Re/developing models for understanding sexuality with disability within rehabilitation counselling.

Author:Dune, Tinashe M.
Position:Author abstract
 
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Introduction

The relatively recent inclusion of sexuality in rehabilitation is based on the theory that all people have a right to sexual education, intimacy and intimate relationships (Parker, 2007). According to the World Health Organization (2012) sexual rights include "the right of all persons, free of coercion, discrimination and violence," to attain the highest possible "standard of sexual health, including access to sexual and reproductive health services". Sexual rights further include the right to seek, receive, and pass on information about sexuality and the right to sexuality education. Foremost, sexual rights encompass "the right to have one's bodily integrity respected and the right to choose--to choose whether or not to be sexually active, to choose one's sexual partners, to choose to enter into consensual sexual relationships, and to decide whether or not, and when to have children" (Parker, 2007). In addition, research has shown that sexuality is a key component for psychosocial wellbeing (Grov, Parsons, & Bimbi, 2010; Niet et al., 2010; Street et al., 2010). According to the World Association for Sexual Health (2012) "sexual health is more than the absence of disease. Sexual pleasure and satisfaction are integral components of well-being and require universal recognition and promotion". Considering these conventions sexuality would be well placed within rehabilitation counselling as it can address potential sexual issues and provide understanding and education about sexual choices, sexual health, sexual negotiation and acknowledges the need and/or desire for satisfying sexual relationships.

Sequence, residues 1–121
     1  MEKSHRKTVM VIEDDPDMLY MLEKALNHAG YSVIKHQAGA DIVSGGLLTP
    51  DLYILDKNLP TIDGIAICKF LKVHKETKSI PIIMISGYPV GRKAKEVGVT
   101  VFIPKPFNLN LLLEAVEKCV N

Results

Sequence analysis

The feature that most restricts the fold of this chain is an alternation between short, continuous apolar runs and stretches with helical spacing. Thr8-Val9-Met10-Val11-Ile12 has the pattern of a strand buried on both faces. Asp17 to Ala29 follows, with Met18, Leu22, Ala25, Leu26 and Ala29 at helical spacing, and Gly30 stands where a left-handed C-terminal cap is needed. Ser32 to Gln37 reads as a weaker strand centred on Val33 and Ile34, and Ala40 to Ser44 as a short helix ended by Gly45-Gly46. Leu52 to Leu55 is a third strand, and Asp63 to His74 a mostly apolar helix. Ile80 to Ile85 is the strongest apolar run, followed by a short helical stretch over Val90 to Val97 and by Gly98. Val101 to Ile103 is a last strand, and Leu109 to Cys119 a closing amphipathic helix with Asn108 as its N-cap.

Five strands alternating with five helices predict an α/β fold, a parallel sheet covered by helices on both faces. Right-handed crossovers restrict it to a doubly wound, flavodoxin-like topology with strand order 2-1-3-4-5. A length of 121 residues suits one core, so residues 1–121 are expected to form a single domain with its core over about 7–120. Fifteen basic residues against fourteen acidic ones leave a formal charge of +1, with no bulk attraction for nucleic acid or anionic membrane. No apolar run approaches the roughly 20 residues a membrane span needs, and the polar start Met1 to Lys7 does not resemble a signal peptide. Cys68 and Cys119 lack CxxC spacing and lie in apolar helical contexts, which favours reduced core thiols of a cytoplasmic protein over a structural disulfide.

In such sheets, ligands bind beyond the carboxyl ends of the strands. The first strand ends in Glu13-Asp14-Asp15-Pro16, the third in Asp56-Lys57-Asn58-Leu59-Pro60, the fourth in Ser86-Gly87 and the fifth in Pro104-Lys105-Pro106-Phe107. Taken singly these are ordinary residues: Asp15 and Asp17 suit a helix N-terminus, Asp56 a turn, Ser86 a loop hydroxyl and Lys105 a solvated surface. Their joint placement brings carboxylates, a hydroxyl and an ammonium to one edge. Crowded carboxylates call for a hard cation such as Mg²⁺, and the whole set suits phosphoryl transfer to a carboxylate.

Sexual Script Theory and Disability